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Archive: Force and Motion: Stop Faking It!, January 15, 2009

This Web Seminar took place on January 15, 2009, from 6:30 p.m. to 8:00 p.m. Eastern Time. Presenting was Dr. Bill Robertson, NSTA Press Author of the popular series Stop Faking It! Understanding Science So You Can Teach It. In this Seminar Dr. Robertson focused the discussion on concepts from his book Force and Motion.

This is the second, of two Web Seminars scheduled as a follow-up to the Force and Motion: Stop Faking It! Symposium that took place at the NSTA Area Conference on Science Education in Portland, OR. In this program Dr. Robertson talked about circular orbits, frames of reference, gravitational force, and objects that orbit. He used several images from his book, Force and Motion: Stop Faking It! and a science simulation from one of the NSTA Science Objects to help illustrate the concepts.

Sixty-one (61) participants were present at the live Web Seminar in addition to the presenter and NSTA staff. Participating educators represented the states of Arizona, California, Colorado, Connecticut, Georgia, Illinois, Indiana, Ohio, Michigan, Missouri, Minnesota, Massachusetts, New Jersey, New York, North Carolina, Pennsylvania, Texas, Utah, Vermont, Virginia, Washington, West Virginia, Wyoming.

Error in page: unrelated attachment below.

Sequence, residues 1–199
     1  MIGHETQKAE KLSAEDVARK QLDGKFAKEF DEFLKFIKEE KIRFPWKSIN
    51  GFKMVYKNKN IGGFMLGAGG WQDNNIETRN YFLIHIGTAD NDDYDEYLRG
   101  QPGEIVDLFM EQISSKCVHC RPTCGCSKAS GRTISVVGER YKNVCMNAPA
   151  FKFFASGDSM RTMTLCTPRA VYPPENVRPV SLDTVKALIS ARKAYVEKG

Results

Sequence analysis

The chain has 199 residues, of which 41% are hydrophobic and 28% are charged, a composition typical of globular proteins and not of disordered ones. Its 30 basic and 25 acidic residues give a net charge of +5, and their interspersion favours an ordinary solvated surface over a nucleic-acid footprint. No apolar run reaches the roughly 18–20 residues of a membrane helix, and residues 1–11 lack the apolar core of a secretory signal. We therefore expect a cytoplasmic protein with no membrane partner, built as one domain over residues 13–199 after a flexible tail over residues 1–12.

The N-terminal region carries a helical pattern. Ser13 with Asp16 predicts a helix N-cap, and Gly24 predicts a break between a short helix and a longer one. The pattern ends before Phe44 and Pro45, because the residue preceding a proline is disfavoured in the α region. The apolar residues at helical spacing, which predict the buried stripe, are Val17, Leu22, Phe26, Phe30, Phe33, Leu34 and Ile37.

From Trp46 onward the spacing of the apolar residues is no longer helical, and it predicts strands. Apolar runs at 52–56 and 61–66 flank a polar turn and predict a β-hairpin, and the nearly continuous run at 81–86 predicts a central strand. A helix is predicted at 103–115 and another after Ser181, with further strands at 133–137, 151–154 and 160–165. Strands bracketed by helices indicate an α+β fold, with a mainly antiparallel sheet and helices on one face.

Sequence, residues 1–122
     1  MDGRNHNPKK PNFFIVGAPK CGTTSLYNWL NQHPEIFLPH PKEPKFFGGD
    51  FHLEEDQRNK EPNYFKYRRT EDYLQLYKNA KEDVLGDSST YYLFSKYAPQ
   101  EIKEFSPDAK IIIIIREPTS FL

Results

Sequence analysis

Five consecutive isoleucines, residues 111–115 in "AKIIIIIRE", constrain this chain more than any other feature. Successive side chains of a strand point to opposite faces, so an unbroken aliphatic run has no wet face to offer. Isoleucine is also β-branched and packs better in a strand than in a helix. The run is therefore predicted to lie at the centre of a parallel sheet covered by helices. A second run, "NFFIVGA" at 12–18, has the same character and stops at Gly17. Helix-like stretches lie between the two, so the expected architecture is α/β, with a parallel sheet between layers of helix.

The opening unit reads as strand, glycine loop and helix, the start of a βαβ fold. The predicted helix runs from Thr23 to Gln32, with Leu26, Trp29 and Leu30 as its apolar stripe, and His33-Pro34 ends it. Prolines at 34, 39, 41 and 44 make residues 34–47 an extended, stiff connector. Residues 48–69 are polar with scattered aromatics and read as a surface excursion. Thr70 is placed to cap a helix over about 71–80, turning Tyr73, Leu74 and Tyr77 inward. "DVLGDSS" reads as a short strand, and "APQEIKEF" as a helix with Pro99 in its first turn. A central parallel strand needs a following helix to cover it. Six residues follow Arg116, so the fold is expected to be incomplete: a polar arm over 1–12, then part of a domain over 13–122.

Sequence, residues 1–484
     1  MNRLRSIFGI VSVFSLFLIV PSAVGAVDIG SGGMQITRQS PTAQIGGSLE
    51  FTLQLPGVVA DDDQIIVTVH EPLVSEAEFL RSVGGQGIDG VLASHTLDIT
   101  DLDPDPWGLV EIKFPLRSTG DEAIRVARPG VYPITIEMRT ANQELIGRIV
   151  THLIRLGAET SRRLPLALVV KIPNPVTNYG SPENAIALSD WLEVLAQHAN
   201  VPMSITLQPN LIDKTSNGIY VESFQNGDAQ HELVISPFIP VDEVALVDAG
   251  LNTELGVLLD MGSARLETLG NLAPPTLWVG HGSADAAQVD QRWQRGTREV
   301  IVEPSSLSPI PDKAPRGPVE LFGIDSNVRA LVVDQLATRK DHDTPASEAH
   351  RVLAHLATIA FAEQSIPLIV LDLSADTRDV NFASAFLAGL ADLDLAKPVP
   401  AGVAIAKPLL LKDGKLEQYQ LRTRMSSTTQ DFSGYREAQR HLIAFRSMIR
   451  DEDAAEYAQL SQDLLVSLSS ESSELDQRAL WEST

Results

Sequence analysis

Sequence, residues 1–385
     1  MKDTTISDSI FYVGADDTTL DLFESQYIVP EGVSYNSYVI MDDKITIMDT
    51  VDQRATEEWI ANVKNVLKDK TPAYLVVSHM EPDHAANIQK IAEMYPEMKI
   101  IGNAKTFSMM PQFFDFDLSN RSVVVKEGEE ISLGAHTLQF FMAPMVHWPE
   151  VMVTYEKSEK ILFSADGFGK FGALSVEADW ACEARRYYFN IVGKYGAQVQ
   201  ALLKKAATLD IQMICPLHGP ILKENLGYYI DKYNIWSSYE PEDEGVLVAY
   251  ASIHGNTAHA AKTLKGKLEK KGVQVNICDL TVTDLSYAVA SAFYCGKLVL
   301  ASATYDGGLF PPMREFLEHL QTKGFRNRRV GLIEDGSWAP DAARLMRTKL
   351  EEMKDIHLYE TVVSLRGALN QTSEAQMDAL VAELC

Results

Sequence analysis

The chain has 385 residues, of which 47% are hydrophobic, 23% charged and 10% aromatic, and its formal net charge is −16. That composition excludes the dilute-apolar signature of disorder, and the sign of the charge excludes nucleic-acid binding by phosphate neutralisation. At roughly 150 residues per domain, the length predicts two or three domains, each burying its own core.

Six participants attended the Web Seminar from countries outside the United Stares: Puerto Rico, Guatemala, Jamaica, Canada, Australia, and Indonesia. Seminar participants received a one year subscription to one of NSTA’s SciGuides for completing the evaluation form at the end of the program.

To view the presentation slides from the web seminar and related resources, visit the resource collection. Continue discussing this topic in the community forums.

Below are comments from individuals who attended the seminar:

  • "I gained a little more understanding of circular motion."
  • "I have been a science teacher for a few years, so it is good to see how other would teach topics I have taught. I think some of the examples and explanation will help me to explain things in a different way may benefit some of my students."
  • "I teach in a teacher education program and it is important to me to have good visuals for teaching physical science."
  • "I teach physics ...so it was very useful in helping to generate ideas for lesson plans."

A certificate of attendance was deposited into participants' account page for completing the evaluation form at the end of the program.

For more information contact: webseminars@nsta.org

Presenters

  Bill Robertson

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